Don’t you just get bored with bread sometimes? Bla bla sandwich, bla bla toast. Wouldn’t it be so much more fun to stuff egg salad or beans and lettuce or —
Stop the presses! Shut. Down. EVERYTHING. (We’ll intersperse some tortilla-making photos during this break.)
The latest casting news for the upcoming HBO production of George R. R. Martin’s A Song of Ice and Fire fantasy series is OUT!
SOIAF, as the series is affectionately acronymed, is the first book series I’ve deigned to read that isn’t finished yet. Let me tell you a story about that. Several years ago people recommended I begin SOIAF. But I don’t like fantasy, I said. You’ll like this one, they said. But the series isn’t finished yet, I said, I’ll be left hanging for years after finishing the last installment. There is that, they conceded.
Plus, and remember this was years ago, there was worry about the Wheel of Time series. The series was dragging on much longer than originally envisioned, readers complained, observing that it seemed much like Jordan was planning to milk it for the rest of his ilfe. They also worried he’d die before finishing it.
That came true.
But, against my better judgement, I began SOIAF anyway. And was blown away, in spite of some over-the-top mustache twirling in the first book, e.g., “Look! They’re so evil they’d nonchalantly kill a little child!” And no, that’s not a spoiler, because as you discover, a heck of a lot of people get nonchalantly killed in this series…but that first one is groan-worthy.
So I read all four books in this trilogy-turned-septology (originally slated for three books, now the plan is seven, and what the hell, is that even a word?) and we’re now waiting on the fifth.
In the meantime, there’s been talk about some kind of movie or series based on the books. Finally, HBO signed on to do a series, and they’re doing the casting now for A Game of Thrones (the first book, slated to be one season, I believe), and we hear about it in dribs and drabs.
get to the SOIAF’ing point already
The news just came out! Guess who’s playing Ned Stark?
Boromir! AKA Sean Bean. And I doubt he’s going to be plotting to catapult the ring into Mordor this time. Bean’s a great fit for the look of the character; in fact, all of the casting I’ve seen so far looks to be spot-on. It’s kind of scary.
Maybe I should call these Ned-tillas in honor of the day. No. Oh gods, that’s horrible. They’re whole wheat tortillas, and they’re totally easier than they sound. Seriously. It’s stirring. Then rolling-into-balls. Then rolling-out-balls and slapping-into-hot-pan for 2 minutes. In the middle of that there’s some resting. And the actual making of the tortillas is nearly half an hour stove time, kind of like when making risotto, except without all that tiring stirring.
P.S. These are really fresh, flavorful tortillas.
Did you ever think you’d be making your own tortillas? I mean seriously. I want to know. And before the break, here’s two more really neat pics of the whole wheat tortillas.
whole wheat tortillas
This recipe is from the King Arthur Flour Whole Grain Baking book, aka My Favorite Baking Cookbook Ever. Reprinted with permission.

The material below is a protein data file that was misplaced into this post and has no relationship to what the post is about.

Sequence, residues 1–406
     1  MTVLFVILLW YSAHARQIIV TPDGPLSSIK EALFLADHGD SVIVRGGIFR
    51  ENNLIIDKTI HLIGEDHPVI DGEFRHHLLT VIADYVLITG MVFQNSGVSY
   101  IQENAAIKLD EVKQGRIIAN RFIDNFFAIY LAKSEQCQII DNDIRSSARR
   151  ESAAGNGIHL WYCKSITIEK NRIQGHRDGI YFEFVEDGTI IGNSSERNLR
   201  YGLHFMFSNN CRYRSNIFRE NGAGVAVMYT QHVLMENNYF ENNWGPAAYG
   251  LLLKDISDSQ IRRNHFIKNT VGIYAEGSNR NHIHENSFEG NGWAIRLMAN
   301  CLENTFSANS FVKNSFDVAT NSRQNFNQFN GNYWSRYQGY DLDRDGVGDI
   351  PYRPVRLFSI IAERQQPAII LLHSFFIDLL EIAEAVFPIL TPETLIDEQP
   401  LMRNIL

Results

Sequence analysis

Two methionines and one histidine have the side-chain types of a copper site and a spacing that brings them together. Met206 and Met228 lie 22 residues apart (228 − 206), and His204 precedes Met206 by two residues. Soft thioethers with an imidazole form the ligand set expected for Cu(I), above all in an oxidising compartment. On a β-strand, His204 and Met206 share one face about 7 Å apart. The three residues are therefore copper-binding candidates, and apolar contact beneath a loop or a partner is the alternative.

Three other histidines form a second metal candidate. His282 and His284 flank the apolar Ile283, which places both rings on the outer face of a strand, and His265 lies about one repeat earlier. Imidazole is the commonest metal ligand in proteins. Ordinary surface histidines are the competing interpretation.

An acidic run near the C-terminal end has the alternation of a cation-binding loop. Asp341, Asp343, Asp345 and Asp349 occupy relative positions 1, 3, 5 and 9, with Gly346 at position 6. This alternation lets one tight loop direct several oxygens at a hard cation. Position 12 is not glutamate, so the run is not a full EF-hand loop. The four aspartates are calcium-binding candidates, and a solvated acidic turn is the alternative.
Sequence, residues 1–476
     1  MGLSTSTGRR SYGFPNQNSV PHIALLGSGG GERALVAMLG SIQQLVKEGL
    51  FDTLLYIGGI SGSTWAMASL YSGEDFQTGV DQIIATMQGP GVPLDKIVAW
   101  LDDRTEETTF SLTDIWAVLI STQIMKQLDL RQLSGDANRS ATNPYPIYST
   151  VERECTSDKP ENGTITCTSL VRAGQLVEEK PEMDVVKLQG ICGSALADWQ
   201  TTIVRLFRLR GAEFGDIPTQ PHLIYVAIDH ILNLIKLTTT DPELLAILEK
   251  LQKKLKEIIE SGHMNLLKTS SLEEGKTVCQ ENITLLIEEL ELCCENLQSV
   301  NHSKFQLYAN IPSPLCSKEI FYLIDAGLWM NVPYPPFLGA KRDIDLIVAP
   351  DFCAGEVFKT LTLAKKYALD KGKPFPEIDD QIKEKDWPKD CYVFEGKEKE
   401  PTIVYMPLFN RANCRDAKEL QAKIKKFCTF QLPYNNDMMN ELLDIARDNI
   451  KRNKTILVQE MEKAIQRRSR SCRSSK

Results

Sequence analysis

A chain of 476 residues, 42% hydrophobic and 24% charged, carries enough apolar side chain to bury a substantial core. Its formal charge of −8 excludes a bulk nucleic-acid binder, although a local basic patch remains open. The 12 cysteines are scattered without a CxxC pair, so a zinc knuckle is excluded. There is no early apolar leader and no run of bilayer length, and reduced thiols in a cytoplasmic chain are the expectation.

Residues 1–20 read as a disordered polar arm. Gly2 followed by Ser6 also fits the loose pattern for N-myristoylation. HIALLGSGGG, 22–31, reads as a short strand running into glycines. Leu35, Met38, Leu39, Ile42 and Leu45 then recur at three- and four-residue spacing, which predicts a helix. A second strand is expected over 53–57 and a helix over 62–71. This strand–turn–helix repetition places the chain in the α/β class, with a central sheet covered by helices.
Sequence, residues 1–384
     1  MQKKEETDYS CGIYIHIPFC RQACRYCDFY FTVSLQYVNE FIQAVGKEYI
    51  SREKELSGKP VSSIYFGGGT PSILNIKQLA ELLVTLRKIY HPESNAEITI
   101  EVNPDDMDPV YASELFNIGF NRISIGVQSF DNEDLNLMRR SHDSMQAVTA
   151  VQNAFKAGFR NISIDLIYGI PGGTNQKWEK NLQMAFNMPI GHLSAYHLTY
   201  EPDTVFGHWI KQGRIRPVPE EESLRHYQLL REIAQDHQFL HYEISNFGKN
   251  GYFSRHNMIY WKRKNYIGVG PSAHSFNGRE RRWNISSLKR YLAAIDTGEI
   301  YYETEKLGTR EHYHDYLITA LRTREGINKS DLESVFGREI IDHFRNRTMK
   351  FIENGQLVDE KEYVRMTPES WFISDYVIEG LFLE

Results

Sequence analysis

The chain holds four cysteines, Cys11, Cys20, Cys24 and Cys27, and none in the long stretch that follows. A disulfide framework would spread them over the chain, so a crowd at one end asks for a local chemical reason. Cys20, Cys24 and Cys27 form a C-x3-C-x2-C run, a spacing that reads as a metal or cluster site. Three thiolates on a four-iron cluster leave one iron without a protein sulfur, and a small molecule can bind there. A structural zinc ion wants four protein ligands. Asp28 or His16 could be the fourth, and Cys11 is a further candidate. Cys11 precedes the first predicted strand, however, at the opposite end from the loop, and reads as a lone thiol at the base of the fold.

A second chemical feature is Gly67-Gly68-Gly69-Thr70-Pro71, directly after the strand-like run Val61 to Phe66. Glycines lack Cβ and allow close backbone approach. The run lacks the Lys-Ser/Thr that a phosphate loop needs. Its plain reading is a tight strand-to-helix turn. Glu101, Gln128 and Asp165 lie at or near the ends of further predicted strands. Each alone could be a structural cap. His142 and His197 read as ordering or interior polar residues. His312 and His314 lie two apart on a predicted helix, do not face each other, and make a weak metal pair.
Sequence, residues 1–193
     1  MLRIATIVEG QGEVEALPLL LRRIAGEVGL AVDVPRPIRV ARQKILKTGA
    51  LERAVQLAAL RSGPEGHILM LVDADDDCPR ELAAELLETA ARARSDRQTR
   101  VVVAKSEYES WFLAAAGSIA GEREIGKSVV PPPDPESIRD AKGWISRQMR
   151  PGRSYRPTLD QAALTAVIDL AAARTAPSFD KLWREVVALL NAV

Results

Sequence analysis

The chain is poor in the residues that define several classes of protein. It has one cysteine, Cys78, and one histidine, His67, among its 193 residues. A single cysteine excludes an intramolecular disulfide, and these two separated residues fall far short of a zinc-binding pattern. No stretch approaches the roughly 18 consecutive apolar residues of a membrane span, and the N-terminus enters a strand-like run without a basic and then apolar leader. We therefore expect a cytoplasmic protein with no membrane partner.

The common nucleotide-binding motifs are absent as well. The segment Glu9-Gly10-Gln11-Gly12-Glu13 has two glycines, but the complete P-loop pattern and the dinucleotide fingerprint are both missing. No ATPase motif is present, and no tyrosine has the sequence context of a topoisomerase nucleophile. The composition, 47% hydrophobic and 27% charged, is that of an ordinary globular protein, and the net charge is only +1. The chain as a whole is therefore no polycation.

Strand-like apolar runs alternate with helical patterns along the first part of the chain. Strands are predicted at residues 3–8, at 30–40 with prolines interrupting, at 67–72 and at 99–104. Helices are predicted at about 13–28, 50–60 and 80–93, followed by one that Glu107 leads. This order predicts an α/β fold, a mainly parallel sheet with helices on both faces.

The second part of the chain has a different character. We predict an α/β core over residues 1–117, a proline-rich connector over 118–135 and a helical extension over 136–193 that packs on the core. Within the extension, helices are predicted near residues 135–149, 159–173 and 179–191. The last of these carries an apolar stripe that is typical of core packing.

prep: 45 minutes
to table: 1 hour 15 minutes
special equipment: tortilla press (optional; I don’t use one)
2 cups (8 ounces) white whole wheat flour or traditional whole wheat flour
1/2 teaspoon salt
3 tablespoons (1-1/4 ounces) canola oil
2/3 cup (5-3/8 ounces) warm water
Combine the flour and salt in a medium mixing bowl or a food processor and mix together. I used the food processor and it worked great. Add the oil and mix into the flour thoroughly. Mix in the warm water (with the machine running, if you’re using a food processor). Depending on the flour’s moisture content, you may need to use more or less water. You’ll want a dough that’s a bit softer than the ones you make with white flour; the whole wheat will absorb some of the liquid as it sits. Once you’ve mxed the dough, let it sit, covered, for 20 minutes.
Turn out the dough onto a lightly floured surface, knead it a few times, and pat it into an even disk. Cut the dough (a pastry scraper works well for this) into 10 to 12 pieces, and roll each piece into a ball. Cover the balls and let them rest for 20 minutes.
Heat a heavy, ungreased griddle or skillet over medium-high heat. If you have a tortilla press, use it to flatten each ball. If you’re rolling out the tortillas by hand, take one of the balls and flatten it into a small disk. Using a floured rolling pin on a lightly floured work surface, roll the tortilla into a very thin, flat round about 6 to 8 inches in diameter. Toss a tortilla onto the griddle or skillet and let it heat on one side for about 1 minute, then use a spatula to lift and flip the tortilla to bake it on the other side, about 1 more minute.
While the first tortilla is baking, roll the second one. Transfer the baked tortilla to a plate and toss on the next tortilla. Repeat until all the tortillas are rolled and baked. You may stack the tortillas and cover them with a towel to keep them soft and warm until you use them.
Nutrition information per tortilla: 98 calories; 3.8g fat; 0mg cholesterol; 97mg sodium; 14g carbohydrate; 2g fiber; 0.7g sugars; 2.7g protein; 0% vitamin A; 0% vitamin C; 0% calcium; 3% iron